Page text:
Inspiring Next Gen Female Engineers

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Newcastle University students run Robogals workshops to get more girls into Science, Technology, Engineering and Maths  

2014 was a big year for Robogals Newcastle. Over a period of just 12 months, the fledging start-up taught robotics to 1,788 girls, as a way to show them the possibilities of a career in engineering.

Robogals is a grassroots initiative that aims to engage young girls in engineering, through the practical application of basic engineering, robotics and programming. Run entirely by volunteer university students, the Robogals Newcastle chapter hold robotics workshops for girls aged 5-8, who use programmable robots to learn the principals of engineering in a fun and creative way.

Robogals (www.robogals.org) was established to encourage children to make things, whether through a robotics workshop, computer programming or engineering site visits to show children how the things they learn in the classroom, directly apply to real world applications.

With young women accounting for just 14% of university engineering courses, the workshops target young females who may never have considered a role in engineering.  

WesTrac Announce Partnership with Robogals

WesTrac is throwing open the doors of its Tomago facility near Newcastle, providing Robogals' volunteers with site visits and access to some of the finest engineering and technical staff in the Hunter Valley.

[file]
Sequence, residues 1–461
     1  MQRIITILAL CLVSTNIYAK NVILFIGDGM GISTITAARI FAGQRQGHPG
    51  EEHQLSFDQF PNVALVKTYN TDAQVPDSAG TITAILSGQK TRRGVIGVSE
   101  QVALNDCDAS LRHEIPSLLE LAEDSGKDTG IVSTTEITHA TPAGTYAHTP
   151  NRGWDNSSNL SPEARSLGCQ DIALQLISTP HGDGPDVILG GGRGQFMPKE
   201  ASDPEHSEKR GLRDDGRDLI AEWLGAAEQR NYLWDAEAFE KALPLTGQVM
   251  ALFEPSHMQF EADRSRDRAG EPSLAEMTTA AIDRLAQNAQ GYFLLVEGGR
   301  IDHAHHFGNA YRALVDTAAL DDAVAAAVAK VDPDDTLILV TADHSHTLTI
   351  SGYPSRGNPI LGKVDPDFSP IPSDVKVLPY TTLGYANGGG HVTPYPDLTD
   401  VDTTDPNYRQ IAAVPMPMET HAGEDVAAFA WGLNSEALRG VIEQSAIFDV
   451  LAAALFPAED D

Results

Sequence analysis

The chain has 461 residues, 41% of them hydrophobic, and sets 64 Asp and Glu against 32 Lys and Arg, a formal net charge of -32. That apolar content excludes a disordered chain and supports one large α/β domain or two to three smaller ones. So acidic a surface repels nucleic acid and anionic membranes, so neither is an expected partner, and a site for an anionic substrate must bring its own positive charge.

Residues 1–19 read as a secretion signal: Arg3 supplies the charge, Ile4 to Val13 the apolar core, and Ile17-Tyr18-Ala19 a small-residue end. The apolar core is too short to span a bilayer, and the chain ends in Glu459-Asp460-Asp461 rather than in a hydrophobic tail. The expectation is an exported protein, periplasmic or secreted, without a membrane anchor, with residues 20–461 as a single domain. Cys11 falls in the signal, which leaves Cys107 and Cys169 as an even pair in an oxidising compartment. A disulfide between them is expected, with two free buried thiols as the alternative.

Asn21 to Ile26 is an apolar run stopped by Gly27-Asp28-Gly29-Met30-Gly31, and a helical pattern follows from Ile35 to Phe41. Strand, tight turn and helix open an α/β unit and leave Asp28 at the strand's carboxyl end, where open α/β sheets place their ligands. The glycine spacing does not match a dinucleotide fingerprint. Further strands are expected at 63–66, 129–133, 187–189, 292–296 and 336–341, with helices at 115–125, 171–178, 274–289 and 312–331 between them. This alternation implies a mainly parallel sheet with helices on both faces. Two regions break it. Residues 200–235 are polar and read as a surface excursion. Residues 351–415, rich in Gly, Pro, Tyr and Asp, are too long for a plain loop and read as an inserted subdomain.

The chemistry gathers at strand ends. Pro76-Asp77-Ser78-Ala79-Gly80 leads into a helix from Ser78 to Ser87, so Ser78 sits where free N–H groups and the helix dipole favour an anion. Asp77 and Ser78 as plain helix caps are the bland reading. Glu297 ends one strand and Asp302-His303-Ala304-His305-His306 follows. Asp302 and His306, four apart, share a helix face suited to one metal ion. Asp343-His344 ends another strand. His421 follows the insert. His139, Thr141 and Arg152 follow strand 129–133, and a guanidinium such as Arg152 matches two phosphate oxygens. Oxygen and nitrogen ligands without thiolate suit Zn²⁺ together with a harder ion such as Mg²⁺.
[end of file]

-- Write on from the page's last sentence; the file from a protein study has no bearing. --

The first tour of 20 Robogals volunteers to WesTrac’s Tomago facility will take place in July and according to Greg Graham, Chief Executive of WesTrac NSW and the ACT, the partnership couldn’t have come at a better time.

“WesTrac is currently reviewing our graduate recruitment program and we are targeting a more diverse range of graduates next year, in particular women. Females bring a unique and diverse range of skills into any business and we believe WesTrac will benefit from greater female participation within our ranks.”

WesTrac currently employ five female General Managers and one female Group Executive at Seven Group Holdings (WesTrac’s parent company) proving there are no limits to where successful women can go within WesTrac.

“Male or female, we want intelligent and ambitious graduates who are keen to learn and open to a variety of career paths. Robogals is the ideal fit for a strategic partner and we look forward to working with the team in the years to come” says Greg.

Elizabeth Capararo, Vice President and Partnerships Manager for the Newcastle chapter, believes WesTrac is the perfect candidate to provide opportunities to both the student volunteers, and the children they teach. "We look forward to working with WesTrac to bring WesTrac's opportunities and positive influence into the classroom,” says Elizabeth.

Supporting Female Engineers

Engineers are globally in short supply, with Australian universities producing only half of the graduates needed to fill domestic demand. According to the Australian National Engineering Taskforce (ANET) the shortfall in engineering capacity has far-reaching effects on industry and infrastructure development in Australia, constraining innovation and growth.

This is compounded by a higher dropout rate for female engineering and technology students. The Newcastle University chapter will work with WesTrac to offer female engineering and technology students a support network and outreach facility to help guide them through to study completion, and into the industry.

 

For further information contact:

Danielle Bull | WesTrac General Manager Marketing Communications

T: (02) 9840 4642| F: (02) 9840 4689 | M: 0477 334 887